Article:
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November 1990

Contact Ultrasonography and Hypotonous Eyes

Author Affiliations

Dallas, Tex

Arch Ophthalmol. 1990;108(11):1516. doi:10.1001/archopht.1990.01070130018007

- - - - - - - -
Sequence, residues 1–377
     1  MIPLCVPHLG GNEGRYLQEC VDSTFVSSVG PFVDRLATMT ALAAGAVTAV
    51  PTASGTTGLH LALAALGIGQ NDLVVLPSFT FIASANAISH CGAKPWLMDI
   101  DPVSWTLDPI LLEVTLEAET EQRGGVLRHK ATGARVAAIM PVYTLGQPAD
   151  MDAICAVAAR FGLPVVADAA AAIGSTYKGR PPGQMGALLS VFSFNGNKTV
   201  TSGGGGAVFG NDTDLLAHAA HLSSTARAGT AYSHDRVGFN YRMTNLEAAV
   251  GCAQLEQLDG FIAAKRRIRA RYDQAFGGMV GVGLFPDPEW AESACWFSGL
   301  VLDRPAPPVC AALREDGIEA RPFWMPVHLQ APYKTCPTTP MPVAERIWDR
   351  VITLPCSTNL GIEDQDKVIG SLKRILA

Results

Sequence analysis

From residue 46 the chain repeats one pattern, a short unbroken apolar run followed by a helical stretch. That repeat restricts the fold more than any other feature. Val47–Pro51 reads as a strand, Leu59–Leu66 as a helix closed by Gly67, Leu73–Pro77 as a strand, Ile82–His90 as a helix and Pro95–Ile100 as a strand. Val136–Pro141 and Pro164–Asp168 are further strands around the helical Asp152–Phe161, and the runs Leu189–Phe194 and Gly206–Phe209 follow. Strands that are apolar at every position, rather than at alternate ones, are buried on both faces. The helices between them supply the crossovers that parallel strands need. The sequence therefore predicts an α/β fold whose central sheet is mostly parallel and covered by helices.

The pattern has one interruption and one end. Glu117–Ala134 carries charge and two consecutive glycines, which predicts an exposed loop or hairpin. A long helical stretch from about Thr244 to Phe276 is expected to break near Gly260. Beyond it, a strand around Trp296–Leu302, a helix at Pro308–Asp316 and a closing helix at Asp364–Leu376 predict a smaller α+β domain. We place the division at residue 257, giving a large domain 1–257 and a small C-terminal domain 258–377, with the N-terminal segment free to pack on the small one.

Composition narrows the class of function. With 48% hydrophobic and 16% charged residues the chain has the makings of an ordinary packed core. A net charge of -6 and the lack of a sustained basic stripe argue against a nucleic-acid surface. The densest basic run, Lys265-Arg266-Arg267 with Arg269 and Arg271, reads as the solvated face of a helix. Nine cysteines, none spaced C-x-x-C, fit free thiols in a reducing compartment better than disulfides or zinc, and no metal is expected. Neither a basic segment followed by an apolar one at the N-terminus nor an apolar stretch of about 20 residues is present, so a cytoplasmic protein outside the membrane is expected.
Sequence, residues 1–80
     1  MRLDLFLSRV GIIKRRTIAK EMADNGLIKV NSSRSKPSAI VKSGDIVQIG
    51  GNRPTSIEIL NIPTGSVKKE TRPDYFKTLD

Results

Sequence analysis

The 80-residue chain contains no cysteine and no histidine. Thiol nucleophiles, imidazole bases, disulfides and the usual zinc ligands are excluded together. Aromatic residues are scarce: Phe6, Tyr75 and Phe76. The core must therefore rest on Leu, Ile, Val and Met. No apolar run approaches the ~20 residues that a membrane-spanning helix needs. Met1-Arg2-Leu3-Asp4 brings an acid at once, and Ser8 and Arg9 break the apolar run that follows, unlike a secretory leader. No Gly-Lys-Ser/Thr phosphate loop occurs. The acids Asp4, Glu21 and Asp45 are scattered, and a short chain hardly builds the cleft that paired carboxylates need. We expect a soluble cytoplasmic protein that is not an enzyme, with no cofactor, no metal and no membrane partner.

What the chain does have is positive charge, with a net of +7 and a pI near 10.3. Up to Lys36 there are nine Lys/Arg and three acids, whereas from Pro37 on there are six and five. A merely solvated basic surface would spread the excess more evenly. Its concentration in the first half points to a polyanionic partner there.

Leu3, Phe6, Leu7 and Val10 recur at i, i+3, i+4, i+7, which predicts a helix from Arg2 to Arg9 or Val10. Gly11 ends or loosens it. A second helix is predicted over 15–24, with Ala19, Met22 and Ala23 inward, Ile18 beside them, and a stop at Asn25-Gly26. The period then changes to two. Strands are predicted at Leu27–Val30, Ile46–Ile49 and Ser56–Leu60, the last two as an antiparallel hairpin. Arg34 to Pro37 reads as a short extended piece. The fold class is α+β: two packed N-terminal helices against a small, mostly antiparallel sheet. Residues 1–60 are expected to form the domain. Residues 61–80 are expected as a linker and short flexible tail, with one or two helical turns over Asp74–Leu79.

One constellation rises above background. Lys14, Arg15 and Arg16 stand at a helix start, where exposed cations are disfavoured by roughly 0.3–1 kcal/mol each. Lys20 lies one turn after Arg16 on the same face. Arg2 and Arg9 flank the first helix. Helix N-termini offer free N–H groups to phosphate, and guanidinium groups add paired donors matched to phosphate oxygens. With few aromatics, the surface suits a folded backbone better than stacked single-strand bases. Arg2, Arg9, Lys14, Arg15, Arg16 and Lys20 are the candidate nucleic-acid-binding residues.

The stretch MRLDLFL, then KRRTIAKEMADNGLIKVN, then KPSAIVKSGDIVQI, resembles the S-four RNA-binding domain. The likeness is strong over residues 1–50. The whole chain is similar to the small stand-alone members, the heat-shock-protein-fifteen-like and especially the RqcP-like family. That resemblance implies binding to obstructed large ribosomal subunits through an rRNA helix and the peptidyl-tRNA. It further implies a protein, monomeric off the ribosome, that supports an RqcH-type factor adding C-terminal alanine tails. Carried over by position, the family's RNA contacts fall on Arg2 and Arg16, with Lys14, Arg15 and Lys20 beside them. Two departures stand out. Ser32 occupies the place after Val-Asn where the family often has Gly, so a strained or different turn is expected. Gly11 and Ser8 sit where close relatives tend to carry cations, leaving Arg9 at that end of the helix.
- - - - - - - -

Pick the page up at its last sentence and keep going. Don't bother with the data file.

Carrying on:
To the Editor.  —We read with interest the case report by Dannemann et al1 in the July 1989 issue of the Archives. The authors reported an interesting dramatic event during ultrasonography and concluded from this one event that "ultrasonography should be limited to those cases where funduscopic evaluation is impossible but necessary for clinical management."This conclusion is unwarranted and overstated. The primary variable in this patient was the hypotony. For other patients, contributory factors include vomiting, coughing, and inadvertent Valsalva maneuvers. Ultrasonography is helpful in separating serous choroidals from hemorrhagic choroidals; when the latter are kissing, drainage often accelerates improvement. Careful ultrasonography should not be withheld from the management of these

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